Many Desert Coast In Face Of Gustav
STEVE INSKEEP, host:
It's MORNING EDITION from NPR News. I'm Steve Inskeep. Hurricane Gustav is moving ashore with winds that have been clocked around 115 miles per hour today. About two-million people have evacuated from New Orleans and other towns all along the Gulf Coast.
That was a huge effort that took several days, as NPR's Jeff Brady reports.
JEFF BRADY: In Port Arthur, Texas, about 1,500 people were processed through an evacuation center. Most of them were the community's vulnerable residents: the sick, elderly and poor. Fire Department battalion chief Mike Free(ph) was exhausted Sunday evening. With bloodshot eyes, he was ready for some rest.
Chief MIKE FREE (Port Arthur Fire Department): We're used to fighting fires. We're used to doing rescues and stuff like that. And then when you come in and do something totally different, it's both physically and mentally stressful.
BRADY: Annie Burgess(ph) was here with her sister, who can't walk very well and uses a wheelchair. The center had difficulty finding buses that could take wheelchair-bound evacuees, so Burgess had to wait more than eight hours.
Ms. ANNIE BURGESS: We played dominos, listened to music and just laughed and talked, made the best of a bad situation.
BRADY: In the hours before Gustav arrived, people near Lafayette, Louisiana made last-minute preparations. For Steve Klavel(ph), that meant mowing his elderly mother's lawn. That might seem like an odd priority, but Klavel says locals are used to hurricanes.
Mr. STEVE KLAVEL: I'm just not worried. We've been through Andrew and Lili and '57 and Hurricane Audrey and, you know, and all that stuff. So I'm really not worried about it.
BRADY: Local authorities also didn't seem to worried. The parish emergency operation center declared a voluntary evacuation, not a mandatory one, but they advised people to stock up on essentials and to be prepared to stay in their houses for a couple of days.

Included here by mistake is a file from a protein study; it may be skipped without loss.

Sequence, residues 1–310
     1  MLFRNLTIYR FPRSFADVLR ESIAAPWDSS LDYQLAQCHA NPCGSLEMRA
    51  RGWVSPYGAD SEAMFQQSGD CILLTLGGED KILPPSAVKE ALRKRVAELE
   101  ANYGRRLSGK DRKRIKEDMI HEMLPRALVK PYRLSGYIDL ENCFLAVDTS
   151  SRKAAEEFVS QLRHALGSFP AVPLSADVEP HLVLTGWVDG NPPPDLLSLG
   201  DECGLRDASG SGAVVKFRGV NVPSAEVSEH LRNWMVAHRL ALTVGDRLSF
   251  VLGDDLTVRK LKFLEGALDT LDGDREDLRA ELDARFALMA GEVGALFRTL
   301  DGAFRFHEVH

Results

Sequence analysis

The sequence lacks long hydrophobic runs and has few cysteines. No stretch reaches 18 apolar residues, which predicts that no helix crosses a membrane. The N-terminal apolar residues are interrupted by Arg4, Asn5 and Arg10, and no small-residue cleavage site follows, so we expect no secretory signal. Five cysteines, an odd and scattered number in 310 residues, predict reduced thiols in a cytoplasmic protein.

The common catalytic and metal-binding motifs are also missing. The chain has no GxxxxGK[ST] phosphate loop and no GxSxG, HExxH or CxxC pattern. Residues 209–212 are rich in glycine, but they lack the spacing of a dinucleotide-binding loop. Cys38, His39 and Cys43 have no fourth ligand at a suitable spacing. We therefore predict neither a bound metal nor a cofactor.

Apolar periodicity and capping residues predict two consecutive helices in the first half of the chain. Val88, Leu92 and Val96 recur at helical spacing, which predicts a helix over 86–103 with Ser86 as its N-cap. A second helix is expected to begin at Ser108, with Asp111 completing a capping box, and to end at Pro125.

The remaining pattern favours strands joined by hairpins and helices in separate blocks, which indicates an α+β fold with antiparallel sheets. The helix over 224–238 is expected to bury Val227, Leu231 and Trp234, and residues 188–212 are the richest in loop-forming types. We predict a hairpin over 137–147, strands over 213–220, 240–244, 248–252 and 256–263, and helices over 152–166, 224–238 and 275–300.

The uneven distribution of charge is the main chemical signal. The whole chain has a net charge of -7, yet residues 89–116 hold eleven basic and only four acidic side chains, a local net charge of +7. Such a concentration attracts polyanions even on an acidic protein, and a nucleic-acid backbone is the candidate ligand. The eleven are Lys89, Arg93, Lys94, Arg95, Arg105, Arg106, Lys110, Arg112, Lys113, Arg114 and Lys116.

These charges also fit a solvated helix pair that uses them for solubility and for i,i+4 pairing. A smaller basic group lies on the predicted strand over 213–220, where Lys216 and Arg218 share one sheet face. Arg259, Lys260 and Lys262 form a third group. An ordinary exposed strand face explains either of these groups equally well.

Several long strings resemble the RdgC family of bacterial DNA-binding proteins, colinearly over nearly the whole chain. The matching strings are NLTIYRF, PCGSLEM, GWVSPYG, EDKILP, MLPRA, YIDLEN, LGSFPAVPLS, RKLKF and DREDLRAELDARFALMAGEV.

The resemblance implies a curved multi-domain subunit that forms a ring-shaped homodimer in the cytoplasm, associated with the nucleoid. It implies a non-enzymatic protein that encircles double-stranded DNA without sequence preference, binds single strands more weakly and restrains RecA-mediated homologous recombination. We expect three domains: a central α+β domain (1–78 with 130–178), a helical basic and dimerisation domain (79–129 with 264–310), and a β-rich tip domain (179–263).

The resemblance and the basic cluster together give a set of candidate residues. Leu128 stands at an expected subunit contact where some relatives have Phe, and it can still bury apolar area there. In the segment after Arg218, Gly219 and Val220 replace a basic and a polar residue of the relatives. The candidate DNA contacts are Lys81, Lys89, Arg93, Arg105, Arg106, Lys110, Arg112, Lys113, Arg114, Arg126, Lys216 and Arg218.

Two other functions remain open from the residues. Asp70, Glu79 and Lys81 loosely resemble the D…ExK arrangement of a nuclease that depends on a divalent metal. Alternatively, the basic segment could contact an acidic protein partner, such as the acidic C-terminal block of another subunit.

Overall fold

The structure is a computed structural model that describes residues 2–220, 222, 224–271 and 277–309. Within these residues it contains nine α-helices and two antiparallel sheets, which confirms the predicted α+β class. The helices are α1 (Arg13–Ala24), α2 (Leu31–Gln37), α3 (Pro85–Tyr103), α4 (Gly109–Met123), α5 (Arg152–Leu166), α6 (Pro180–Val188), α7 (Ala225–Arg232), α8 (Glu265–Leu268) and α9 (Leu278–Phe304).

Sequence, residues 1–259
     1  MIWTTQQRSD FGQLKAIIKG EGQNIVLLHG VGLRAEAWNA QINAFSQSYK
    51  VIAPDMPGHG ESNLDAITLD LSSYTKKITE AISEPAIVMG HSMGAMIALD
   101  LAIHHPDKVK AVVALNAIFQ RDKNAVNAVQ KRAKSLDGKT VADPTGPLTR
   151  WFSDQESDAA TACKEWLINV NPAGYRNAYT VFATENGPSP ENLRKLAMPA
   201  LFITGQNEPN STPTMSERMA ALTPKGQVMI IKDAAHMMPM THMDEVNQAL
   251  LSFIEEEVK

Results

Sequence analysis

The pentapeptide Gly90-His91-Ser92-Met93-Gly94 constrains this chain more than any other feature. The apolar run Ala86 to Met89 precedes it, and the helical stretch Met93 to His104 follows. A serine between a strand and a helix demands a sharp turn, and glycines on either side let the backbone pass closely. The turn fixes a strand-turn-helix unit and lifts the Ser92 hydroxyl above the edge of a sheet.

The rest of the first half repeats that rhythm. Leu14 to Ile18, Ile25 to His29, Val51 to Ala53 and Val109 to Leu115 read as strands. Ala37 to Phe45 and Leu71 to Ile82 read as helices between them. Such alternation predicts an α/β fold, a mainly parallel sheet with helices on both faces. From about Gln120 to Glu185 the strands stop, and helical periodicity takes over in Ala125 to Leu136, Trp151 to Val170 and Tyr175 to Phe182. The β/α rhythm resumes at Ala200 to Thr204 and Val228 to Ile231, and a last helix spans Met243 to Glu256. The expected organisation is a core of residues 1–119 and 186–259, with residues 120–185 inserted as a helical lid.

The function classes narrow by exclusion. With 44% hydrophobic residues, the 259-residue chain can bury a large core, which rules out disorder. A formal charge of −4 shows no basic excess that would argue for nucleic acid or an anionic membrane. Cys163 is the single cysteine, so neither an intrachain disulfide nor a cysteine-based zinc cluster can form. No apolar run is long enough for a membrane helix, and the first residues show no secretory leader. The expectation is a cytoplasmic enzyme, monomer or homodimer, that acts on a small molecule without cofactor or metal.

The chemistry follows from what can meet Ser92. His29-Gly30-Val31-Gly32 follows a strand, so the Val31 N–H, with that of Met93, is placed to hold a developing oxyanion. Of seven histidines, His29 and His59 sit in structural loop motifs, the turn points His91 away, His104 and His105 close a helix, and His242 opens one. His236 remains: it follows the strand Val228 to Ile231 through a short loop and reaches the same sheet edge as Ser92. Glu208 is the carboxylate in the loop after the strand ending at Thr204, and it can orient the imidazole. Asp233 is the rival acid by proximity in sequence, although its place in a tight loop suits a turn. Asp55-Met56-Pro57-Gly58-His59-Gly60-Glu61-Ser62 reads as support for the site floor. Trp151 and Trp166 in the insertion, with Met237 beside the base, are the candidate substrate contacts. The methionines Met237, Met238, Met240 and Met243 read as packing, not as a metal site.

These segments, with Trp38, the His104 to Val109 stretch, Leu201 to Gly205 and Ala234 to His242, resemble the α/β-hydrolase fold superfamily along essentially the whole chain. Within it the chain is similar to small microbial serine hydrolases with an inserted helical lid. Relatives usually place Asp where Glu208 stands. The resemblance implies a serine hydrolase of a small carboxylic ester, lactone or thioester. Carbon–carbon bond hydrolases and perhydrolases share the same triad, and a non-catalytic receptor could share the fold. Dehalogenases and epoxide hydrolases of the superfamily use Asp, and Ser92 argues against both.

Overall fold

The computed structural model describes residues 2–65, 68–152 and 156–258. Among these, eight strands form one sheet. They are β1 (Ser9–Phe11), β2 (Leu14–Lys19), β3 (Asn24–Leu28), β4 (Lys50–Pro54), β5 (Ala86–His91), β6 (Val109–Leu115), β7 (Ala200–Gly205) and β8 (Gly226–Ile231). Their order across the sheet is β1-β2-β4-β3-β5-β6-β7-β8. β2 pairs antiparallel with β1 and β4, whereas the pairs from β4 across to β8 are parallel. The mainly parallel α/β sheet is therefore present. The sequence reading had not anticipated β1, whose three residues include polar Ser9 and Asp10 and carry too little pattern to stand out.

While most stores closed and boarded up their windows Saturday, a few grocery stores remained open until the last minute. Johnny Lampas(ph) was in the parking lot of a Piggly Wiggly store, loading the back of his SUV with bags full of juice, water and food. He thinks authorities in some parts of the region are being overly cautious in preparing residents for this storm.
Mr. JOHNNY LAMPAS: But that's good, though. Let's hope it don't backfire on them when the next one comes, if this one drops down to being a, you know, a small storm. If it drops down to a category two, most of the people wouldn't have left, anyway.
BRADY: Authorities have addressed the boy-who-cried-wolf concerns by saying that even if Gustav isn't as strong as predicted, there's little risk in being overly cautious.
As the dark clouds from Gustav moved over the region Sunday night, Earl Roy(ph) was seeing a silver lining. Forecasters were saying the roughest part of the storm likely would arrive sometime during the day.
Mr. EARL ROY: You know, that give us a lot of option where we can see. If something happen, we know, you know, which way to go. Debris and everything will be flying. At least you can see it coming. When it's (unintelligible) night, if you step out there, you don't know what you're going to get hit with.
BRADY: That said, Roy plans to stay inside during the storm. He's already stocked up on non-perishable foods like Vienna sausages and crackers. He came back to the Piggly Wiggly for a few perishable items - just enough to least for the next day or so because he expects the electricity to go out soon. Jeff Brady, NPR News, Lafayette, Louisiana.
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